Like many raised in the Badger State who thirst for adventure, Roy Chapman Andrews left Beloit for New York in 1906 with money saved up from his brief career as a taxidermist. He wanted so much to work at the American Museum of Natural History that he worked as a janitor in the taxidermy department until openings were available. He also went to Columbia University and earned a master in mammalogy. He also collected taxidermy samples on the weekend. Probably because he hated free time.

Once the museum took him on, he began an amazing thirty year career of archeology, paleontology, and international adventure. The press of the time knew just how captivating his stories were, and portrayed him as a swashbuckling scientist who  conquered the Gobi Desert and discovered dinosaur eggs.

A photo of Chapman during his yearly five minutes of sitting down.
Chapman in the Gobi Desert during his one five minute break per month.

But just how incredible could this real life adventurer have been? During his career, Mr. Andrews survived encounters with armed bandits, led desert expeditions into previously unexplored territory, was the first to discover dinosaur eggs, battled venomous pythons and hungry arctic orcas, and was once mistakenly reported dead.

Chapman, shown here staring down a camel-rider with his steely gaze. For science!
Chapman, shown here staring down a camel-rider with his steely gaze. For science!

Andrews would later serve as president of the Explorer's Club, director of the Natural History Museum, and publish several books about his exploits. He claimed that he was "born to be an explorer," and while Spielberg and Lucas never said Chapman was the basis for their whip-cracking, pistol spinning, Nazi-punching archeologist, the comparison is a little too clear to ignore.

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Tuesday, Aug. 25th, 2015

6 of the Weirdest, Biggest Things in the World ... Are in Wisconsin

While Wisconsin's most widely served beer might be Miller Lite, and its favorite restaurant "American Casual," let us never forget that the state is brimming with character and oddity. Furthermore, some of the state's most curious oddities are oversized versions of normal things, as if someone started making it and just got a little carried away. We all know about La Crosse's "world's largest six pack," the giant muskie, and the mustard temple. Boring. Let's get weird.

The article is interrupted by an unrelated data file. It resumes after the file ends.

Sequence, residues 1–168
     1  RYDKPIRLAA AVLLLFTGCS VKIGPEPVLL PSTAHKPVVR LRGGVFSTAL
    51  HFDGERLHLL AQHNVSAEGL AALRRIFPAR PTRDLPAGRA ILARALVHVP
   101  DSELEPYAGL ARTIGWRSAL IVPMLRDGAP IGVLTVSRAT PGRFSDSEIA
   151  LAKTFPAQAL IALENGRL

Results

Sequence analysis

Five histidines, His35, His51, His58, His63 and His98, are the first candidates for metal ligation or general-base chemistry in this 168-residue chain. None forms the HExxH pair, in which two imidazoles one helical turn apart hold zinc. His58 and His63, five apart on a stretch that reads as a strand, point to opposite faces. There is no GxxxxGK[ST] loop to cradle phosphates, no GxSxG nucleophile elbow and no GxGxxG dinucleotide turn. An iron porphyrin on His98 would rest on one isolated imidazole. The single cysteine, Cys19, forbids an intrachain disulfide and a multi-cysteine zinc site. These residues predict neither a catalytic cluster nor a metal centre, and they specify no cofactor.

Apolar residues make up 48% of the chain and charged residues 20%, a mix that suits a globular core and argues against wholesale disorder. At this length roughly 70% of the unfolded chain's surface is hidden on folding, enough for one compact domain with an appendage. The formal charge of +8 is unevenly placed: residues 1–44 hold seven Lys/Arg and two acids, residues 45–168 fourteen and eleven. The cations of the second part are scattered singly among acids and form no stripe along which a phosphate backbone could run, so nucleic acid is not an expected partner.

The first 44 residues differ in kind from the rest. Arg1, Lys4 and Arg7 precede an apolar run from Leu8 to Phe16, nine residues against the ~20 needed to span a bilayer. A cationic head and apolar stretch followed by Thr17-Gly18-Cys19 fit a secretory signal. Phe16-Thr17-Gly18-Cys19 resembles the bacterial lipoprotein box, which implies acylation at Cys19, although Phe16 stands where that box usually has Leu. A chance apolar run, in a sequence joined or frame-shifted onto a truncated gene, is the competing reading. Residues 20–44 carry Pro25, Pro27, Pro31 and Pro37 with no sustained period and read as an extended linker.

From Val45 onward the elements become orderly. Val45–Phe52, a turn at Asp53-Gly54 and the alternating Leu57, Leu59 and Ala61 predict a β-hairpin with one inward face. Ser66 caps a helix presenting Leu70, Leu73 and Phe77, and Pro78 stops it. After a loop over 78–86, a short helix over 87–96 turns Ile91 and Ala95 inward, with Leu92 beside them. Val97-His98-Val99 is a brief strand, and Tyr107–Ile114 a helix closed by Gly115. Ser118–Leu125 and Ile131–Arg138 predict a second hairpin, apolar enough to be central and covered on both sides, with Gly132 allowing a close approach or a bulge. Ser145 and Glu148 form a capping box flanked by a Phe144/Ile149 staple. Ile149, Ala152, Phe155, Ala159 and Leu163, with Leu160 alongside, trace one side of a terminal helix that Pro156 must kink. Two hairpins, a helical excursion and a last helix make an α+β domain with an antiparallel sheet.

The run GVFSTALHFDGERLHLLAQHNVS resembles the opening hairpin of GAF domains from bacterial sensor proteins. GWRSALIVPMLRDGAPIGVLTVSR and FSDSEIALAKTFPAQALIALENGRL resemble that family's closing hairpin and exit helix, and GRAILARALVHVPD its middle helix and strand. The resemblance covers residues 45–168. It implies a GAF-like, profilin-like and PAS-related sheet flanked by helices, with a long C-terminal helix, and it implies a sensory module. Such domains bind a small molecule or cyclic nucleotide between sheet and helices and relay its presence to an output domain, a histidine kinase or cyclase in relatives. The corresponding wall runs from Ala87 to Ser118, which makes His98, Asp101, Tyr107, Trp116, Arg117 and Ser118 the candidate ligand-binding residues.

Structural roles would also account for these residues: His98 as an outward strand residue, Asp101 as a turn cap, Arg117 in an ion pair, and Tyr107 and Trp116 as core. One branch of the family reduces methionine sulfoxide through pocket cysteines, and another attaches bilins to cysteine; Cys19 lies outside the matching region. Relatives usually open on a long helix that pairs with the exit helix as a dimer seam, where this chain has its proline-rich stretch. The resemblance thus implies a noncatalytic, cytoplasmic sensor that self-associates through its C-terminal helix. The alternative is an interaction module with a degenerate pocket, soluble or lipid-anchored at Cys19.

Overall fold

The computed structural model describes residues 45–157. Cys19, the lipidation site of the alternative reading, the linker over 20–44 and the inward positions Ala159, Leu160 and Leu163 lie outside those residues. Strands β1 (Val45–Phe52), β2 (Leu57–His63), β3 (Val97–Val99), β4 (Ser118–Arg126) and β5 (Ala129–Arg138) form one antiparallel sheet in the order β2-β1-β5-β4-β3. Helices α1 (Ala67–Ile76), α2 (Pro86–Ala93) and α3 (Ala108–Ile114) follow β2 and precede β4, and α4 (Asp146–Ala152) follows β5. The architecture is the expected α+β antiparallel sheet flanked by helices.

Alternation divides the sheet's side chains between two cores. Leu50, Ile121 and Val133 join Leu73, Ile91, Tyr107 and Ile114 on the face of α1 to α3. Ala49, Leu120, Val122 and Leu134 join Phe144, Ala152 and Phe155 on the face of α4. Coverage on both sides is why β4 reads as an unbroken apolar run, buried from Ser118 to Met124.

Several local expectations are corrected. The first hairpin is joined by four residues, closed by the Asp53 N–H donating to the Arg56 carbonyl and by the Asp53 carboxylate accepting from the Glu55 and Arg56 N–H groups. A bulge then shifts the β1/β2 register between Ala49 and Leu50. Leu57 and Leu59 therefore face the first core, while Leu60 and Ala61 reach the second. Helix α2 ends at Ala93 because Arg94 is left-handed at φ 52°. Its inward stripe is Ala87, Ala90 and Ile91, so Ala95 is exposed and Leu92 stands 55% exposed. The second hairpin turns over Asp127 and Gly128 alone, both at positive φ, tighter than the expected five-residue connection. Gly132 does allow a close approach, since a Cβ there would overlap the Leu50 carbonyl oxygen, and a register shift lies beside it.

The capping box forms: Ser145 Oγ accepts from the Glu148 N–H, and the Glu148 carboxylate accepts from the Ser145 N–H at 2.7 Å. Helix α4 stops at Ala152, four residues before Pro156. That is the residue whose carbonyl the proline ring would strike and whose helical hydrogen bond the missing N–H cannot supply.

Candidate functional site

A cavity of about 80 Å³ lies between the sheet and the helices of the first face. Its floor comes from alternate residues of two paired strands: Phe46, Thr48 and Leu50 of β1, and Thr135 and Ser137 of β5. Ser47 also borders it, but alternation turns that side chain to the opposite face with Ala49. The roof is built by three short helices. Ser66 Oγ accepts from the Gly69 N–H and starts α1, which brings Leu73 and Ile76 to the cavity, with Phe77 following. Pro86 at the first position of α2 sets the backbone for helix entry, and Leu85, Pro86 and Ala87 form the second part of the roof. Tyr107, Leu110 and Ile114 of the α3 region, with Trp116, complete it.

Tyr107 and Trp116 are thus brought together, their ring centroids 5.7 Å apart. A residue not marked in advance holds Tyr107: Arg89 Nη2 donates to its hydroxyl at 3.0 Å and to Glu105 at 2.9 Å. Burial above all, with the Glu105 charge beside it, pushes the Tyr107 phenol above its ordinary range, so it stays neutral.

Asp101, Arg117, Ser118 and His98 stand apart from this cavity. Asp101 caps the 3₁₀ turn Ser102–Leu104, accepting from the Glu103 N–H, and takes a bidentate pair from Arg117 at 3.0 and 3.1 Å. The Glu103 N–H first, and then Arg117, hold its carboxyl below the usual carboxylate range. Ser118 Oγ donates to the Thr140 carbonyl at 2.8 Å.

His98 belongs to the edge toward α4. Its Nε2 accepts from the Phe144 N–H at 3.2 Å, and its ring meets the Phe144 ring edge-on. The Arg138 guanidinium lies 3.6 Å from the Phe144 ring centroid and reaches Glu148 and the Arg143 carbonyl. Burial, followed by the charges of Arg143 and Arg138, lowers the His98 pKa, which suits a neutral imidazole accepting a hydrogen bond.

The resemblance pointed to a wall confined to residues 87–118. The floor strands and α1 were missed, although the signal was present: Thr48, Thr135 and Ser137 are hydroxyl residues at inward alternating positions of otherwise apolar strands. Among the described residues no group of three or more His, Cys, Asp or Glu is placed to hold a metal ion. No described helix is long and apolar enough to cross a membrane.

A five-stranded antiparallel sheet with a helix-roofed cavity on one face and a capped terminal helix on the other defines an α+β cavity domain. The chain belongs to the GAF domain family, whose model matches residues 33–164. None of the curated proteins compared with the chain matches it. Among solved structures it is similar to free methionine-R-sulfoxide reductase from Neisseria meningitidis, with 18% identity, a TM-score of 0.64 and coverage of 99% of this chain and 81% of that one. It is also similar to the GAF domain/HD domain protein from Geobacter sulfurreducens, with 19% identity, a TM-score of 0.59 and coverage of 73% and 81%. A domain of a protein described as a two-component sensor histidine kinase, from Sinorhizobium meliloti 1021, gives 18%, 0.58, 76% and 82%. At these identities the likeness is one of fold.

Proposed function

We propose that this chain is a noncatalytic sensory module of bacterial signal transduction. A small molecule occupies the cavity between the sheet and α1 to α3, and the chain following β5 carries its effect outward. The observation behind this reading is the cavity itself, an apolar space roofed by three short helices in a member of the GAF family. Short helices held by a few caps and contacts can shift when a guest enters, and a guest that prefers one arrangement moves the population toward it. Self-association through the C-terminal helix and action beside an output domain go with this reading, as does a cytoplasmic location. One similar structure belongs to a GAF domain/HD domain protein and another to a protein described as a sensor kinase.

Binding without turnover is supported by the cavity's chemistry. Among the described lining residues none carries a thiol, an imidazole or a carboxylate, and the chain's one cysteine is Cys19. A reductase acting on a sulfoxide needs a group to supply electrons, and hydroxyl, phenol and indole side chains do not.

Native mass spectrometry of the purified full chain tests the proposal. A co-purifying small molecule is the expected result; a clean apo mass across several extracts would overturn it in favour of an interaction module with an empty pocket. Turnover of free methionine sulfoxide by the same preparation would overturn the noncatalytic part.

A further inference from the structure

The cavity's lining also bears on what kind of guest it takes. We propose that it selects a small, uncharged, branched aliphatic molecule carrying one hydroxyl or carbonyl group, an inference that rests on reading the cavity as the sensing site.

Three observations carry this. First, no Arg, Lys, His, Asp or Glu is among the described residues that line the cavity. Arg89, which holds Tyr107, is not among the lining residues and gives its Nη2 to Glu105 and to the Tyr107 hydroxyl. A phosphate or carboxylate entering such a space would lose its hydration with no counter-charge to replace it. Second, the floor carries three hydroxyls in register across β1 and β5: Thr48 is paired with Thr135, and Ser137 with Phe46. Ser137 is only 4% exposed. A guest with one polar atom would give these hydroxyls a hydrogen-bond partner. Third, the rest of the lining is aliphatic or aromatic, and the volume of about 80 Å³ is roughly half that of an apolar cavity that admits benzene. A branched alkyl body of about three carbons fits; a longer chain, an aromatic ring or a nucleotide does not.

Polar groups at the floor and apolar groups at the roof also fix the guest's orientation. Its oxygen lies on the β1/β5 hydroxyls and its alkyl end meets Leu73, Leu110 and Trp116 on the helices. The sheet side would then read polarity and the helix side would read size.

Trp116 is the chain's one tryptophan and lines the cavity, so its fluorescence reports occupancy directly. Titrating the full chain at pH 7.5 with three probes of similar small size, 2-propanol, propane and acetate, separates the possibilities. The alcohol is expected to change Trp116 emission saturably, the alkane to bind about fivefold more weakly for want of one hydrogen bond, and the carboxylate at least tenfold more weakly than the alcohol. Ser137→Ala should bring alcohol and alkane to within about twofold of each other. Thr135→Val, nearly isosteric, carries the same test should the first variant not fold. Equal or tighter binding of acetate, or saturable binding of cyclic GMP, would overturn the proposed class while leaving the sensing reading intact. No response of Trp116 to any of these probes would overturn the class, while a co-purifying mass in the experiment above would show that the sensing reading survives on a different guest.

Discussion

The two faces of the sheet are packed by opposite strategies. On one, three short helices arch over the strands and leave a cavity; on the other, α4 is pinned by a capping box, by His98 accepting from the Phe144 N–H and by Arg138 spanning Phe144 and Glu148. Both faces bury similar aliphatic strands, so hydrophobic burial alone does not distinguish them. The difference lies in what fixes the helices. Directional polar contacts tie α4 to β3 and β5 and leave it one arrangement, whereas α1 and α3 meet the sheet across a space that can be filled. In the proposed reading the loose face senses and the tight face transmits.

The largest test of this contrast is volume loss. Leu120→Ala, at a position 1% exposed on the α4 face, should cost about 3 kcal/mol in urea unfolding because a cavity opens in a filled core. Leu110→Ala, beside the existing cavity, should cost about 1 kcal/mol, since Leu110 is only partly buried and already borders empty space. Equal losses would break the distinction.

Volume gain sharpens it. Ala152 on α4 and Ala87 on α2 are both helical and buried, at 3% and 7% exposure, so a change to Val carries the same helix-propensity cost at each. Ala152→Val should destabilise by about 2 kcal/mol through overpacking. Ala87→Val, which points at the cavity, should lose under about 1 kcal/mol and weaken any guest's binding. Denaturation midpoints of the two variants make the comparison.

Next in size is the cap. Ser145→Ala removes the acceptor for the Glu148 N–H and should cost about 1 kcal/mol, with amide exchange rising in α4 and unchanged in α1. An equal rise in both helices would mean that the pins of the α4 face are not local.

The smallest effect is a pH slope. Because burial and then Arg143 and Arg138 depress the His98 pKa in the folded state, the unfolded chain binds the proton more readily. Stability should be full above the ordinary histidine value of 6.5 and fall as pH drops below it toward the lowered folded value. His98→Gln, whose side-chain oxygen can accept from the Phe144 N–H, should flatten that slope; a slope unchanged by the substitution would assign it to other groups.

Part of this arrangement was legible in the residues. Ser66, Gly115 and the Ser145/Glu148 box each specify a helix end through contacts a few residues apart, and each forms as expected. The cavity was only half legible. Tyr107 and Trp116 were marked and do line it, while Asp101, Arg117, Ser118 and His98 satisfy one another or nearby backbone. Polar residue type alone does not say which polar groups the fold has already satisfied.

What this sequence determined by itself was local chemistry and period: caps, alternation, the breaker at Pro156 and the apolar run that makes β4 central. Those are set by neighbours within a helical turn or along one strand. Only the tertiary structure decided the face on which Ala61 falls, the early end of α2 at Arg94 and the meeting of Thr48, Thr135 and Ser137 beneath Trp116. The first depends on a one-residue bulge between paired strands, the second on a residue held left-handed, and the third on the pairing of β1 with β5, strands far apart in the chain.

1. Talking Cow – Neillsville

Steer on over to Neillsville to chat with Belle.
Steer on over to Neillsville to chat with Belle.

Located in Neillsville, Chatty Belle is one of Wisconsin's most famous cows. If you put a quarter into the machine at her feet, a voice tells you facts about things like Wisconsin's dairy production. We've heard it through the bovine that while she's the biggest "talking cow," bigger cattle exist. Salem Sue of North Dakota is the biggest cow statue in the world. But Chatty still stands. A monument to milk.

The clock is having a grand ol' time in its new home.
The clock is having a grand ol' time in its new home.

2. Grandfather Clock – Kewaunee

Located in downtown Kewaunee at the Ahnapee Trailhead, the world's tallest grandfather clock stands at 36 feet tall. It was originally built in 1976 to celebrate the bicentennial, but was turned off in the mid 1980s. In 2013, the city disassembled and rebuilt the clock in its current location, and in July of 2015 the clock resumed timekeeping after almost twenty years.  Talk about making it to the big time.

3. Penny – Woodruff

In 1953, the world's largest penny was built to commemorate the dedication of Woodruff's Dr. Kate Newcomb.

It must be worth at least 17,000 thoughts.
It must be worth at least 17,000 thoughts.

Dr. Newcomb was known to Woodruff as the "angel on snowshoes" because she would trudge through harsh Wisconsin winters on her trusty snowshoes to make house calls. Woodruff desperately needed a hospital, and she started a fundraising campaign with the slogan "save your pennies" to get one. The campaign succeeded, collecting over $17,000 in pennies (1.7 million pennies).  

4. Badger – Birnamwood

The end is nigh. The demon badger has risen.
The end is nigh. The demon badger has risen.

Not to badger the good folks of Birnamwood, but this look like an old, once-chained evil that burrowed its way from the center of the Earth into a parking lot. He was once part of Badger County, a gas station and gift shop where you would drive inside of a massive hollowed log to fill up your tank. In the 1990s, Badger County closed and was replaced with perhaps the strangest possible establishment for an enormous demon badger to be the mascot of: a gentleman's club.

5. Soup Kettle – Laona

This kettle is really souped up.
This kettle is really souped up.

The community soup event in Laona started with this soup-er sized kettle nearly a century ago. In the 1920s, the Russel Family started serving over 300 people out of this massive, cast-iron kettle. Now the event has grown, and is operated by the local Lions club, serving out of several much smaller cooking containers, but still serves the entire community.

 

6. The Letter M – UW-Platteville

I wonder if it's just actually been a giant W the whole time.
I wonder if it's actually been a giant W the whole time.